In case you missed the news yesterday, former Baltimore Ravens running back Ray Rice won his appeal against the National Football League. Rice had been under an indefinite suspension from the National Football League for the incident that saw him punch his wife in a casino elevator. . .a suspension that came after his initial two-game suspension that was handed down "before" the NFL saw the video of said incident.
(I put "before" in quotation marks because, really, nobody's dumb enough to actually believe that, particularly with all the evidence to the contrary at this point.)
So, with that having happened, the question for fans of the Minnesota Vikings is an obvious one. . .is there any way that this affects the suspension of running back Adrian Peterson? Well, according to the Minneapolis Star-Tribune, there are a couple of things from the Rice case that could be beneficial to Peterson in his appeal, which is to be heard on Tuesday.
The first is that U.S. Judge Barbara Jones, the woman who heard the appeal, called the league's suspension of Peterson "arbitrary," a term that the Star-Tribune notes the NFLPA has used to describe the suspension Peterson received from the league after his no contest plea. Peterson's camp also continues to allege that he was told that he would get credit for "time served" when any sort of punishment was handed down. The league says that they did consider "time served," which apparently means that they were set to suspend Peterson for the entire season from the get-go. Either that or they're lying about that, too, and pulled that out of their collective posterior when it became convenient to do so. Given the way this entire thing has played out so far, I know which side of the fence I'm on.
Second, the league told Rice that he would not be penalized retroactively under the league's new domestic violence policy, a policy that came down after Rice's. . .and Peterson's. . .incidents.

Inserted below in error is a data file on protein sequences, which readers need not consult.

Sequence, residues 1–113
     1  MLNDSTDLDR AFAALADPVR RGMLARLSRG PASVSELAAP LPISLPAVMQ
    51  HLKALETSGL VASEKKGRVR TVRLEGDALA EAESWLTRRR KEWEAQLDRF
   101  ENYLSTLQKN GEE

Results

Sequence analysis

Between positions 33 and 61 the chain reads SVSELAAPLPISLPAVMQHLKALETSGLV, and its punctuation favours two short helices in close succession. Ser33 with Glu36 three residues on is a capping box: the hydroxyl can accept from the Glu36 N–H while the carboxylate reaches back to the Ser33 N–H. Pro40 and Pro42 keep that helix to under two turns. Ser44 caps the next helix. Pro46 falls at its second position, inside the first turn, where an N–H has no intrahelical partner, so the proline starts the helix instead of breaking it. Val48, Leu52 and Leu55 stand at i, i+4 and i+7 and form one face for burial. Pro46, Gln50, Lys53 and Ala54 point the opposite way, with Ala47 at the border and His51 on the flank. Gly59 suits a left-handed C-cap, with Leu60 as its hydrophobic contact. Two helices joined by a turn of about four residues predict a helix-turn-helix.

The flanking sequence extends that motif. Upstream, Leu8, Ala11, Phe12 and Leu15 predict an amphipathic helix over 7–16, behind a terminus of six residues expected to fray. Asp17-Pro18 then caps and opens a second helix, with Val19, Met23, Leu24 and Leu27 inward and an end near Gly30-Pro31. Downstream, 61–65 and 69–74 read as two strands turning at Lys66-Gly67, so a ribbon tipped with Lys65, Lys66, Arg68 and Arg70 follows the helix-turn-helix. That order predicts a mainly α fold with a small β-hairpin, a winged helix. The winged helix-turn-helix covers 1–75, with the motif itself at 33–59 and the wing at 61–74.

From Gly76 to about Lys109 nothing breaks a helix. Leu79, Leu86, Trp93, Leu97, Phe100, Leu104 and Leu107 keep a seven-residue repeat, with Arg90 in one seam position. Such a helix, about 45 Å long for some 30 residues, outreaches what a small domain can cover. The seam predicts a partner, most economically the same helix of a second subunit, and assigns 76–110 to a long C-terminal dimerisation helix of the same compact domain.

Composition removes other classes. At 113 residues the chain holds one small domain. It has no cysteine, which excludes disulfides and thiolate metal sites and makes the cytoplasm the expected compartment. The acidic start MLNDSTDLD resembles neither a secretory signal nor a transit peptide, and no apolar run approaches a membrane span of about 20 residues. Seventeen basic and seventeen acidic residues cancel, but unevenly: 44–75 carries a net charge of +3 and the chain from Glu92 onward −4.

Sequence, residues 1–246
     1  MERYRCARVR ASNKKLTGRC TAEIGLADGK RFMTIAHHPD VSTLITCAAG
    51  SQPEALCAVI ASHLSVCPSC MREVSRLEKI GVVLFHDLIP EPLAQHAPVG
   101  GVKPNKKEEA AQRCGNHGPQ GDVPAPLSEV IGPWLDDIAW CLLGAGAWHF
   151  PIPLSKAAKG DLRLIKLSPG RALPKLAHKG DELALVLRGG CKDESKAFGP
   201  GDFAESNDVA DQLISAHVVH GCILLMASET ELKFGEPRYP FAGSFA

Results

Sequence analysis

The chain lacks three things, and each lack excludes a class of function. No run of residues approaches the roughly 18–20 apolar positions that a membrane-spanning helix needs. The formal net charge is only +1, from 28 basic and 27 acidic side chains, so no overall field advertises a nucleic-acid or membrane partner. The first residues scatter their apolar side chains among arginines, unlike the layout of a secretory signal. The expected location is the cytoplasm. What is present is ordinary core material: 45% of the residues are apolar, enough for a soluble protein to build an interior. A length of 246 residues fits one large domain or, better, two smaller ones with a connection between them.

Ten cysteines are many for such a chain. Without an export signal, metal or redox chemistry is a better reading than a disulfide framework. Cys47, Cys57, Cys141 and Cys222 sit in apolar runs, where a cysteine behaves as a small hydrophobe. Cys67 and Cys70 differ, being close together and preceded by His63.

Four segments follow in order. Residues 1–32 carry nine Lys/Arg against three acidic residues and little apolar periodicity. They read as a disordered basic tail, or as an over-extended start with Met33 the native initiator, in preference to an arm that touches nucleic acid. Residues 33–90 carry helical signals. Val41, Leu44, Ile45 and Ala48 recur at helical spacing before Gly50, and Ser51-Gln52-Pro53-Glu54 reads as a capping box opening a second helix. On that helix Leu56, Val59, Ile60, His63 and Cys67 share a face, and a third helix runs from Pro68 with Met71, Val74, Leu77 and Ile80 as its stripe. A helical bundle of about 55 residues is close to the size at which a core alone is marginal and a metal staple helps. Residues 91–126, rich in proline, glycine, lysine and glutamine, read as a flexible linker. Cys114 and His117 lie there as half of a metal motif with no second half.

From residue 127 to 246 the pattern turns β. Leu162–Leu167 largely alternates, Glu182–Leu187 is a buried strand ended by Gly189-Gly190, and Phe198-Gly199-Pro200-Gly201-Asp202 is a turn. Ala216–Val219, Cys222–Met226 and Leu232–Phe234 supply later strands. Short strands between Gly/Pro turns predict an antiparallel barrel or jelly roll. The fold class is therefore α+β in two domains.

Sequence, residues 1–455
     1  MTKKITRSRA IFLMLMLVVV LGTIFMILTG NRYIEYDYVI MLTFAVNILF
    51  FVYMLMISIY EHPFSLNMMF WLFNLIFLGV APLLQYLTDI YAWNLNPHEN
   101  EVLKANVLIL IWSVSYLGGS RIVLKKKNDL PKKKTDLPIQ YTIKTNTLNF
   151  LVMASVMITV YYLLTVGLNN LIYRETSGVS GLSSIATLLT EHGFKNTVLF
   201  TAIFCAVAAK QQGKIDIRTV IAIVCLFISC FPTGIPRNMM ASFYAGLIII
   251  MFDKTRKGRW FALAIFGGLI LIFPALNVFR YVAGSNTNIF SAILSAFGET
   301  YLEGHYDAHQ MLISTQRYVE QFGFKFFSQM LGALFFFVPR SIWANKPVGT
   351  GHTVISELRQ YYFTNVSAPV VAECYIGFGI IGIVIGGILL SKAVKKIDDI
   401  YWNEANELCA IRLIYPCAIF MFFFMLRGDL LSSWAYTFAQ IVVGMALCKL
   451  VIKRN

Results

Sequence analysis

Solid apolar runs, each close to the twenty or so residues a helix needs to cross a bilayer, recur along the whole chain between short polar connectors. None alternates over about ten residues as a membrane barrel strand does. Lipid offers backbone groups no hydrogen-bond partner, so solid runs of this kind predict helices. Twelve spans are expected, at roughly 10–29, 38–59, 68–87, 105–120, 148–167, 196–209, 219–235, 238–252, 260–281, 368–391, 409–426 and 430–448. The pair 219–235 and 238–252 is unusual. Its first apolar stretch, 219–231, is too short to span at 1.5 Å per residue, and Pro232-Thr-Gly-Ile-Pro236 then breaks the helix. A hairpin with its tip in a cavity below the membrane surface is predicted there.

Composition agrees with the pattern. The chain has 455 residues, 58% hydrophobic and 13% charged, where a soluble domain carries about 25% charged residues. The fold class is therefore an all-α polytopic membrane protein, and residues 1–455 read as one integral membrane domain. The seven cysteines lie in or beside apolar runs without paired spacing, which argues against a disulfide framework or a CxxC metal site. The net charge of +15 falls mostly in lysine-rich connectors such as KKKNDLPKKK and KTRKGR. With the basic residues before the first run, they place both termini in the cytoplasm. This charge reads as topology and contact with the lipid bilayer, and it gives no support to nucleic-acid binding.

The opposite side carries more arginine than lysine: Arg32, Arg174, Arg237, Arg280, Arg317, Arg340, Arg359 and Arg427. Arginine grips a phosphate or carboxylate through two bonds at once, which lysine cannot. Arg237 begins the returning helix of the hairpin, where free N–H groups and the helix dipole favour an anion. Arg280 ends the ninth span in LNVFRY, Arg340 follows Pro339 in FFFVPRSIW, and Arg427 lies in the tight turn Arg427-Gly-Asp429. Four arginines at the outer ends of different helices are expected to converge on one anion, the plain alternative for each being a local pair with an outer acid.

Now, there is one significant difference between the Rice appeal and the Peterson appeal, and that's in who's hearing it. Yes, both appeals will be heard by someone other than Roger Goodell. However, Judge Jones. . .someone not connected to the National Football League in any way. . .heard the Rice appeal because Goodell was forced to testify at the hearing, necessitating someone that was a non-NFL person hearing the case.
Peterson's appeal, on the other hand, will be heard by Harold Henderson, a former NFL executive who routinely hears NFL appeals under the various different policies the league has (substance abuse, PED, personal conduct, etc). Most recently, Henderson upheld the 10-game suspension that was handed down to Cleveland Browns' wide receiver Josh Gordon. As you can imagine, the NFLPA is not terribly pleased with this idea, citing Henderson not being a truly "neutral" third-party.
Henderson's presence at the hearing is probably enough to assume that Peterson's appeal doesn't have a snowball's chance of ending the way the Peterson camp and the NFLPA want it to. At this point, it appears that Peterson is basically serving Rice's suspension anyway, and it wouldn't surprise me that, after the league got knocked back in the Rice case, that everything about Peterson's suspension and return is upheld by the "neutral" third-party arbitrator in this case.